Pet Food Recall: Fish on U.S. Fish Farms Fed Melamine-Contaminated Feed

AVMA NEWSFish on U.S. Fish Farms Fed Melamine-Contaminated Feed; FDA Discovers Contaminated Food Products from China Mislabeled

SCHAUMBURG, Ill. (rushprnews) May 12, 2007— The Food and Drug Administration (FDA) has determined that the contaminated wheat gluten and rice protein concentrate imported from China—associated with the deaths of at least 16 dogs and cats and the recall of hundreds of dog and cat food brands—was mislabeled and was really wheat flour contaminated with melamine and melamine-related products.

Contaminated Pet FoodDavid Acheson, M.D., assistant commissioner for food protection, Office of the Commissioner at the FDA, said that investigators believe that melamine, which is high in nitrogen, was added to the wheat flour. As a result, protein level test results on the flour were consistent with those of wheat gluten. This discovery does not change recent pet food recalls or livestock restrictions, but rather just expands the understanding of the ongoing pet food and livestock feed contamination and investigation.

The FDA also announced today that a portion of the mislabeled wheat flour was sent to a Canadian manufacturer by U.S.-based ChemNutra, Inc., and used to make a product that was then imported back into the United States and fed to fish on an undetermined number of fish farms. The FDA hasn’t yet released the identity of the fish farms or the type or number of fish involved, but has issued a hold on the fish.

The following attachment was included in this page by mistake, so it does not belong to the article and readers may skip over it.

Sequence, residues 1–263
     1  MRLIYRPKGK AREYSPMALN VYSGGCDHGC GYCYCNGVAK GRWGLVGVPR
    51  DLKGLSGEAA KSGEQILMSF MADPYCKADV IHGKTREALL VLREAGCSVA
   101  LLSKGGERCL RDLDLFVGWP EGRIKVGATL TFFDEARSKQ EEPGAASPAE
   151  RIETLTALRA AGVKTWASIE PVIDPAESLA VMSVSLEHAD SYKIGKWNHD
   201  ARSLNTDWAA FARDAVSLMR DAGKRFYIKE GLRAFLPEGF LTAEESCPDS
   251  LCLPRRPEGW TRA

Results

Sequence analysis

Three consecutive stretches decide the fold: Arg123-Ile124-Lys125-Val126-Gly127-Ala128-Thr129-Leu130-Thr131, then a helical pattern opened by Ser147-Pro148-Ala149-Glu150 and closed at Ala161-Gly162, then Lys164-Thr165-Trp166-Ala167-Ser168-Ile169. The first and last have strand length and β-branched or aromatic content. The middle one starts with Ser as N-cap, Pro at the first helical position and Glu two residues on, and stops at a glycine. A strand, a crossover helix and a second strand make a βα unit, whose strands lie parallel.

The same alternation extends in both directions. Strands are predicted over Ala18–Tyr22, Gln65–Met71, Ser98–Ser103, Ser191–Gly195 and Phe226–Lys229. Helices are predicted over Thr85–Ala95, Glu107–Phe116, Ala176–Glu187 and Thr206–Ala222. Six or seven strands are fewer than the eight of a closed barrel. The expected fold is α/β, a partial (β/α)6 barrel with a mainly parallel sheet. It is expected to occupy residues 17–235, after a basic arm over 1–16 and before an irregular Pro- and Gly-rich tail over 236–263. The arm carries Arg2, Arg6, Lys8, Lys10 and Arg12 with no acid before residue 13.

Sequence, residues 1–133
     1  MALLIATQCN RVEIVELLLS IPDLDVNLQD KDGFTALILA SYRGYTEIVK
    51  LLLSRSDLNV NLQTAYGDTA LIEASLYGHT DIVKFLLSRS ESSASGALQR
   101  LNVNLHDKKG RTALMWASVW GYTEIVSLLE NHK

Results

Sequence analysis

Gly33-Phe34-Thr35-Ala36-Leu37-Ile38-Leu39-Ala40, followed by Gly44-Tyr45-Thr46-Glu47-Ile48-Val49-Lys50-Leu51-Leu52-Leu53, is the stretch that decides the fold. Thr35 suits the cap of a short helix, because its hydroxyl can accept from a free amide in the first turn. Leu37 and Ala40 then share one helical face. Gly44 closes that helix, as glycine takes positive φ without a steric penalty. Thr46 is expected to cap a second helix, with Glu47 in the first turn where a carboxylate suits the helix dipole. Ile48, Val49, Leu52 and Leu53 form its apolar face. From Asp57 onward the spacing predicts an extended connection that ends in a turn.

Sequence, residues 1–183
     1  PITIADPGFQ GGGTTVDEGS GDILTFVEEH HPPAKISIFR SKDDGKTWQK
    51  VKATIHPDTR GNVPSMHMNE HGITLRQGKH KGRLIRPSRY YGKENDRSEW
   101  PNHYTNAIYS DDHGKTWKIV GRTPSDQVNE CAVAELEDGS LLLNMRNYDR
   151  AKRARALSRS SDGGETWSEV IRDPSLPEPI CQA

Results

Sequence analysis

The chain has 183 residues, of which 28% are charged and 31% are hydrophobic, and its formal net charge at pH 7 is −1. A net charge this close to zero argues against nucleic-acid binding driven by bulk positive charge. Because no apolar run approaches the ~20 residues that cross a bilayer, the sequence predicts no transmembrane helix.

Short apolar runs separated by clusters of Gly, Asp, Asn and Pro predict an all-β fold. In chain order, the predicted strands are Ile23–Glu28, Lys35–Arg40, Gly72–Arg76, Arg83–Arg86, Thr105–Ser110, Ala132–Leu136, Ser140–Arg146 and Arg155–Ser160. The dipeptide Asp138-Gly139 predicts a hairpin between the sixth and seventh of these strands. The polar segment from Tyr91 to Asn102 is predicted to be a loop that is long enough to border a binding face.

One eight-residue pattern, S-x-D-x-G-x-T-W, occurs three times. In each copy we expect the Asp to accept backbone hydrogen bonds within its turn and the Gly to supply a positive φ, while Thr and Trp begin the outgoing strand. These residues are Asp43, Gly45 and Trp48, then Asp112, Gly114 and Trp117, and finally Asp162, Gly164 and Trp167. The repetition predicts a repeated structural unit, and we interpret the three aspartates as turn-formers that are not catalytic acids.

In addition, the FDA made these announcements concerning the ongoing investigation:

The FDA has issued a hold on 50,000 swine at three facilities in Illinois due to concerns that the animals had consumed contaminated livestock feed.
The FDA has also released to inspection and possible slaughter 10 million previously restricted broiler chickens. Kenneth Petersen, D.V.M., M.P.H., assistant administrator for field operations, USDA Food Safety and Inspection Service, said that the chicken feed consumed by the released broilers tested negative for melamine. He went on to explain that, for birds and swine that had consumed contaminated feed, an animal exposure assessment will be conducted.
For more information, please visit the AVMA web site at www.avma.org.

The AVMA, founded in 1863, is one of the oldest and largest veterinary medical organizations in the world. More than 75,000 member veterinarians are engaged in a wide variety of professional activities. AVMA members are dedicated to advancing the science and art of veterinary medicine including its relationship to public health and agriculture. Visit the AVMA Web site at www.avma.org to learn more about veterinary medicine and animal care and to access up-to-date information on the association’s issues, policies and activities.
 
FOR MORE INFORMATION

Tom McPheron
Phone: 847-285-6781
Cell: 773-494-5419
e-mail: tmcpheron@avma.org
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